faculty Gail Borden won a prestigious Graham Foundation Grant for his forthcoming book titled NASCARchitecture: The Positioning of Suburban Space. His topical research focus on “suburbia” has been discussed prominently in recent media including an authored feature article in The Independent of Nov. 1, 2001, and an NPR interview Sept. 1, 2001. Borden also won a high commendation in the International 100% Rubber Design Competition in the category of art and interior. Susan Brandeis will participate the exhibition “Technology as Catalyst: Textile Artists on the Cutting Edge” Feb. 15 to July 28 at the Textile Museum in Washington, D.C. Her work combines digital and hand processes, surface design and weaving. The works are thematic composites in which small details of special gardens and landscapes from different points of view are layered together. Laurie Churchman will participate in a panel discussion Feb. 20–23 at the College Art Association conference held in Philadelphia. Her presentation is titled “Parallel Journeys to Rediscovering the Maker,” which will be included in “The Craft Ideal” session.
Nilda Cosco, education specialist at the Natural Learning Initiative, was invited to share information with landscape architects at Sveriges Lantbruks University (SLU) in Alnarp, Sweden, Nov. 19-30, 2001, on designed outdoor environments for children. The Natural Learning Initiative is a research unit of the College of Design. Researchers at SLU Alnarp are involved in projects concerning healing gardens and restorative environments. Cosco currently is reviewing incident reports before and after renovation of outdoor play areas from a child care center; preliminary findings show fewer accidents in renovated environments. Chandra Cox illustrated her first children’s book, Christmas Makes Me Think, which was written by Tony Medina and published by Lee and Low Books of New York. Cox has illustrated the story with colorful mixed-media collages. The young narrator of the story realizes that Christmas is really about community, people coming together and helping each other. His thoughtfulness leads to a magical celebration of the real spirit of Christmas. Meredith Davis has been appointed to the accreditation commission of the National Association of Schools of Art and Design. Her two-year appointment will involve reviews of all visitor reports and studies for schools undergoing accreditation in art and design.
Lope Max Díaz and George Bireline participated in “The Artists of Raleigh,” an exhibition at the Fayetteville Museum of Art from November 2001 through January 2002. Haig Khachatoorian served as a guest juror of the international BraunPrize competition in Kronberg, Germany, in September 2001. A jury of four members assessed the 381 entries received from participants in 40 countries to select five finalists. Guest jurors, including Khachatoorian, then evaluated the projects during the BraunPrize Forum and chose the winner from these finalists. Dean Marvin J. Malecha, FAIA, has been selected as a Distinguished Professor by the Association of Collegiate Schools of Architecture (ACSA). He becomes one of five professors nationally this year who have received the distinction. The College of Design now has four faculty members who hold this distinction, possibly the highest number of any architecture school in the nation. Malecha earned a Bachelor of Architecture from the University of Minnesota and a Master of Architecture from Harvard University. He was recognized as the 1980 Rotch Traveling Scholar. He continues a consulting practice while teaching and serving as an academic administrator. In June 1999, Malecha was presented the Alumni Distinguished Achievement Award from the University of Minnesota, College of Architecture and Landscape Architecture. Dana Raymond will present the sculpture “HORSE SCALE” in April at the LUMP Gallery on South Blount Street in Raleigh. In March, he will exhibit sculpture at Fayetteville State University in a North Carolina University System Sculpture Consortium Faculty show.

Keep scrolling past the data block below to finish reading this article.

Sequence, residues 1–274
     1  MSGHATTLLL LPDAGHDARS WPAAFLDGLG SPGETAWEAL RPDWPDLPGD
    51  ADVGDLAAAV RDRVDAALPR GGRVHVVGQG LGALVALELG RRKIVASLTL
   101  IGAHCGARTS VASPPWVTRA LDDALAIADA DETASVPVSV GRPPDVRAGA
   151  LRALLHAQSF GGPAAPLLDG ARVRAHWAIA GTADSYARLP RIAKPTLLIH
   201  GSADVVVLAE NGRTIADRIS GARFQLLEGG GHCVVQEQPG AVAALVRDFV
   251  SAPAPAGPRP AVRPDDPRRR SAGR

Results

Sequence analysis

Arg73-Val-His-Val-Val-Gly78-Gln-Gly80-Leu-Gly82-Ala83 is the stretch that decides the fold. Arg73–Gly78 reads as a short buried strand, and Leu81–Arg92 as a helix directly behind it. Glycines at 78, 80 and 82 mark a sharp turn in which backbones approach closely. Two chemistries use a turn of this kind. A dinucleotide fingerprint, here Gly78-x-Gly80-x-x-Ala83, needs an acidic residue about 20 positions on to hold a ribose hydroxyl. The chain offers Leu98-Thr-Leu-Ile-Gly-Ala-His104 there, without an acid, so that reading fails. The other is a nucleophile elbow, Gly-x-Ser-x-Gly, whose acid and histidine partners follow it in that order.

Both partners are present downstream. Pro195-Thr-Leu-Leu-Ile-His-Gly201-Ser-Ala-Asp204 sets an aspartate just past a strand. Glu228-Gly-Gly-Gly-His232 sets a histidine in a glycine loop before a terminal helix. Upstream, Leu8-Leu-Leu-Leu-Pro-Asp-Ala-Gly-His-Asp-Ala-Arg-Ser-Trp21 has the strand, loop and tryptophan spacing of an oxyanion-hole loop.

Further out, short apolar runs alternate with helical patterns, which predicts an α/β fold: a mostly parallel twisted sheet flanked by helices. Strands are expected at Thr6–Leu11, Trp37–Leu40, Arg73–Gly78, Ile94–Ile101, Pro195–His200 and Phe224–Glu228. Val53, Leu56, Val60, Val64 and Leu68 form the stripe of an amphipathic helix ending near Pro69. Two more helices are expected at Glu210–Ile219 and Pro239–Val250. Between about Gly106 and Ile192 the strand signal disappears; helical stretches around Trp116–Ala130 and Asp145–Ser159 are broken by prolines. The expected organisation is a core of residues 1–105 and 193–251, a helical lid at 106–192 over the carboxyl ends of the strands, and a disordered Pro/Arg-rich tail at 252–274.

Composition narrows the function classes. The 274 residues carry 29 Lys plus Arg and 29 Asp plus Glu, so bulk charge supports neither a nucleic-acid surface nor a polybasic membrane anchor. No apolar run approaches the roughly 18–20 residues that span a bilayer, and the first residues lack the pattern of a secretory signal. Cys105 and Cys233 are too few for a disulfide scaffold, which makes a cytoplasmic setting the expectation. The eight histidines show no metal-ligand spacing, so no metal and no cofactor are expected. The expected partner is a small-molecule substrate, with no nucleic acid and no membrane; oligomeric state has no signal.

Dr. Fatih Rifki was elected vice president of the Architectural Research Centers Consortium Inc. at its annual meeting last November in New York City. ARCC is an international consortium of academic research centers. A paper that he coauthored, “Architecture and Landscape: Their Relationship, Interaction, and Mutual Effect Explained through Urban Territoriality,” was published in the Proceedings of the ACSA West Central Regional Conference held in Kansas City, Mo., in September 2001. Henry Sanoff was awarded a Fulbright Senior Specialist grant to teach for two weeks in early September at the Universidad Nacional De Ingenieria, School of Architecture in Lima, Peru. Sanoff lectured to students and faculty in architecture and urban design in the area of community participation in the design process. Students applied participatory techniques to a project conducted on the university campus. Scott Townsend will work with the Jelenni studio at Hradcany Castle in Prague this spring. He will further his research into narrative approaches to interactive media in collaboration with Czech writers such as Milan Kundera, Josef Skorevecky and Ivan Klima. “What I am interested in is the ability of many Czech authors to create a regional identity in the face of almost constant usurpation by other cultures and languages,” Townsend says. Dr. Nancy White (MLA 1991), landscape ecologist with the College of Design’s Community Growth Strategies Initiative, has been appointed to the Technical Advisory Committee to the North Carolina Sedimentation Control Commission, which establishes rules and priorities for the Division of Land Resources within the North Carolina Department of the and Natural Resources. White holds a Ph.D. in forestry and a master’s degree in landscape architecture from NC State University, as well as a bachelor’s degree in political science from UNC-Chapel Hill.